By Jane Barthelemy.
The spotlight is on Paleo Sweeteners now, because we’re living in times when sugars and refined carbs in processed foods are everywhere, causing epidemic health challenges worldwide. Many people are turning to the Paleo diet for answers and guidance. What did our ancestors eat? What is the best diet that humans were genetically designed to eat? By following a diet close to the ancestral diet, many people hope to restore health and balance in our bodies. See also my research and chart in 325 Sweeteners,Which is Best?, and Natural Sweeteners, A Closer Look. I confess that I have a strong bias in favor of low-carb sweeteners because of our current epidemic of sugar addiction, obesity, and diabetes. Please do share your comments below.
True Paleo Sweeteners were hunt-and-gather foods. I’m guessing our ancestors enjoyed sweets prepared from plants using their hands and stone tools. We’re looking at the Paleolithic period from 2.6 million years ago to 10,000 years ago. Some preparation and fermentation may have been possible, however it would have been very simple.
Here is a list of so-called healthy sweeteners charted in order of their % carb content. *
Sugars are carbs. Are these Paleo or not? Send your comments at the bottom.
Here’s my take on each sweetener, alphabetically. As usual, the devil is in the details.
African Berries (0% carbs, Paleo Sweeteners)
These amazing African berries are as old as the hills, a clear indication that our ancestors could have enjoyed sweet foods. Their sweetness is not from carbohydrates, but rather from highly concentrated sweet proteins. Recently re-discovered as sweeteners, some have been approved for soft drinks and prepared foods. Some have been industrially synthesized. You won’t find them on nutrition labels, as the sweetness is so concentrated, their miniscule weight is far less than the 0.5 grams per serving required. (Picture 50 lbs. of sugar sweetness on the head of a pin!)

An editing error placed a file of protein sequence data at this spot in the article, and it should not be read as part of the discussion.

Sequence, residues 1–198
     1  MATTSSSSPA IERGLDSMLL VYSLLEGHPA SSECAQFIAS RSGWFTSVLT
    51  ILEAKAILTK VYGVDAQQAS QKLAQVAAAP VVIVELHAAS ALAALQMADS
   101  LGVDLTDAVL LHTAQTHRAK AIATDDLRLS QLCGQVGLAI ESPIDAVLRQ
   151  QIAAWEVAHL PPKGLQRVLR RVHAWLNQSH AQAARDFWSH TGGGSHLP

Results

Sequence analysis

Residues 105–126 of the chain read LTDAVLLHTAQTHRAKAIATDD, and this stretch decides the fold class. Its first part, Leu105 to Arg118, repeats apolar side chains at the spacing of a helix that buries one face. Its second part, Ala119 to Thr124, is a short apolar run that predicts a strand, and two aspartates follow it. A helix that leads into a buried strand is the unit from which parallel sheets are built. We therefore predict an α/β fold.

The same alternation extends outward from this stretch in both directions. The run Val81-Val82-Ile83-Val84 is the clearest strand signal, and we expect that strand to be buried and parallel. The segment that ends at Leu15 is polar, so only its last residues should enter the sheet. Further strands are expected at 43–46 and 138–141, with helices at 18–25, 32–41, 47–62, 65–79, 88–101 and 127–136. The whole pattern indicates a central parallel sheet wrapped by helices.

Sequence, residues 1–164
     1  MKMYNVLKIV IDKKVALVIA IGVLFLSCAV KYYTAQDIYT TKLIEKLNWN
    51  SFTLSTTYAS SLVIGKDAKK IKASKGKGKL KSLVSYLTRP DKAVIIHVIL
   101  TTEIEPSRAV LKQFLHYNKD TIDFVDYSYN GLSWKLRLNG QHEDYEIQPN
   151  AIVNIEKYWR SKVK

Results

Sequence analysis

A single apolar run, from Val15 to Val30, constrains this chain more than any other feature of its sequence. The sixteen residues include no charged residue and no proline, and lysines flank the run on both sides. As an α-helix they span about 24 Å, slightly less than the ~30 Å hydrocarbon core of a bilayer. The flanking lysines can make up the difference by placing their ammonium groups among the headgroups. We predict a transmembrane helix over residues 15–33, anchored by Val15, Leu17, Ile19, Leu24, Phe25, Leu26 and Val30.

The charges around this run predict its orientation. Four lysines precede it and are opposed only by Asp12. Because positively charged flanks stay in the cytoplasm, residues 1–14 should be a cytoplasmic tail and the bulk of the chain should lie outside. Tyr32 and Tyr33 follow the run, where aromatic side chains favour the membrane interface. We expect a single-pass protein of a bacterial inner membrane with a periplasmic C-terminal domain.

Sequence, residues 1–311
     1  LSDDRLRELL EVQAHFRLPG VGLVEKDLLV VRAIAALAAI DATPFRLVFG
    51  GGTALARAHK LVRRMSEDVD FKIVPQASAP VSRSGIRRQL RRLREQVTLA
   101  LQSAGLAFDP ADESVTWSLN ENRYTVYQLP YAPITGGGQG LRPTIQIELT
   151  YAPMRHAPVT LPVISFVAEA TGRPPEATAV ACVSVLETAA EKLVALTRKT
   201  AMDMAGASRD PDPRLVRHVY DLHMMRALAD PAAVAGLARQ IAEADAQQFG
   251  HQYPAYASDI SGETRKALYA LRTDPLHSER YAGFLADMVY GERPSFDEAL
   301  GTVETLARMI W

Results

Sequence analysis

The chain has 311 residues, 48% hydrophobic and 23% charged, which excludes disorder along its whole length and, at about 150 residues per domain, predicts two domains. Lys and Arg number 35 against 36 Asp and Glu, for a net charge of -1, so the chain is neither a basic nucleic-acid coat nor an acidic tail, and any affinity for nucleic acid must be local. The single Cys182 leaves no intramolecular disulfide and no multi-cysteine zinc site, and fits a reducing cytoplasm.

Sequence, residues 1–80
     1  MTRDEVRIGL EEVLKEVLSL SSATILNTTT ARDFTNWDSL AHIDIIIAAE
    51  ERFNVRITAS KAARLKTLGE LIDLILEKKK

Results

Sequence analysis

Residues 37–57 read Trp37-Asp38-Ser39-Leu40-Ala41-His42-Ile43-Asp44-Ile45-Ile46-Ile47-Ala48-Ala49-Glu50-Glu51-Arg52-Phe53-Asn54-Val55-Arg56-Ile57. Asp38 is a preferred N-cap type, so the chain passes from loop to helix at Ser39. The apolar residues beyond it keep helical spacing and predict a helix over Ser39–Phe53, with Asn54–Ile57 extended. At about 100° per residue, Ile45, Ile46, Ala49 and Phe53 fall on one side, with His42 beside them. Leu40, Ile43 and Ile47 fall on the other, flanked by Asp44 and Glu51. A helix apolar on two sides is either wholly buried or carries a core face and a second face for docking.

- Katemfe berries are 3,200 times as sweet as sugar, and contain a sweet protein called Thaumatin that is sold under the brand name Talin by Naturex.
- Brazzein berries are 1,000 times sweeter than sugar, and marketed by cweet.com.
- Monellin comes from the African Serendipity Berry is 1,500 times as sweet as sugar, and has already been approved for use in some countries.
- Monatin, a natural sweetener 1400 times sweeter than sugar, comes from the plant Sclerochiton ilicifolius in South Africa.
These African berries are true Paleo sweeteners, plus they’re 100% free of carbs and sugars. I’m intrigued about them but haven’t used them yet. Will these amazing berries make it into our kitchens soon?
Agave Nectar (Refined, 85% carbs, not Paleo)
This delicious sweetener is made from the agave plant. The juice is heated and hydrolyzed to make syrup, which is comparable in calories to table sugar and about 150% as sweet. Raw agave juice is clearly an unrefined Paleo sweetener. However, once it is boiled down and processed, that’s refined. And it’s surprisingly high in carbs -79% – 95%, often higher than high fructose corn syrup. However the carb content varies as there’s no industry standard for how to produce it. Agave syrup has a low glycemic level and doesn’t cause a sudden spike in blood sugar. That’s because agave’s main sugar is fructose, which is absorbed more slowly, and is digested in the liver. However new research shows that fructose is even more harmful than table sugar. Doctors say that consuming more than 20 grams (4 1/4 teaspoons) of fructose per day can trigger insulin response, metabolic imbalance, high cholesterol, and weight gain.
Artificial Sweeteners (0% carbs, Not Paleo)
Sweeteners such as Splenda, Aspartame, Equal, Saccharin, Sweet’N Low, Sucralose, Acesulfame K, NutraSweet, etc. have zero carbs. Artificial sweeteners range from 3 times to 13,000 times sweeter than sugar. We often don’t see high intensity sweeteners listed on packaged food labels. That’s because their miniscule weight is often far below the legal minimum of 0.5 grams per serving, therefore manufacturers are not required to list them.
Beet Sugar (100% Carbs, Not Paleo)
Beet sugar comes from the plant Beta vulgaris, whose root contains a high concentration of sucrose sugars. About 55% of the white sugar sold in the USA is from sugar beets. In the USA about 95% of the sugar beets grown are genetically modified. Unless your beet sugar is labeled “organic”, it is probably gmo. You can find beet sugar in stores labeled as “sugar”, and cane sugar is usually labeled “cane sugar”. Beet sugar is cheaper than cane sugar, and much of it is used by the food industry.
Brown Rice Syrup (90% Carbs, Not Paleo)
Also known as rice syrup, this is a sweetener made by cooking rice, straining, and reducing the liquid to a thick, sweet syrup. The final product is 45% maltose, 3% glucose, and 52% maltotriose. That means it’s high in carbs. Rice is considered a grain, which is not Paleo.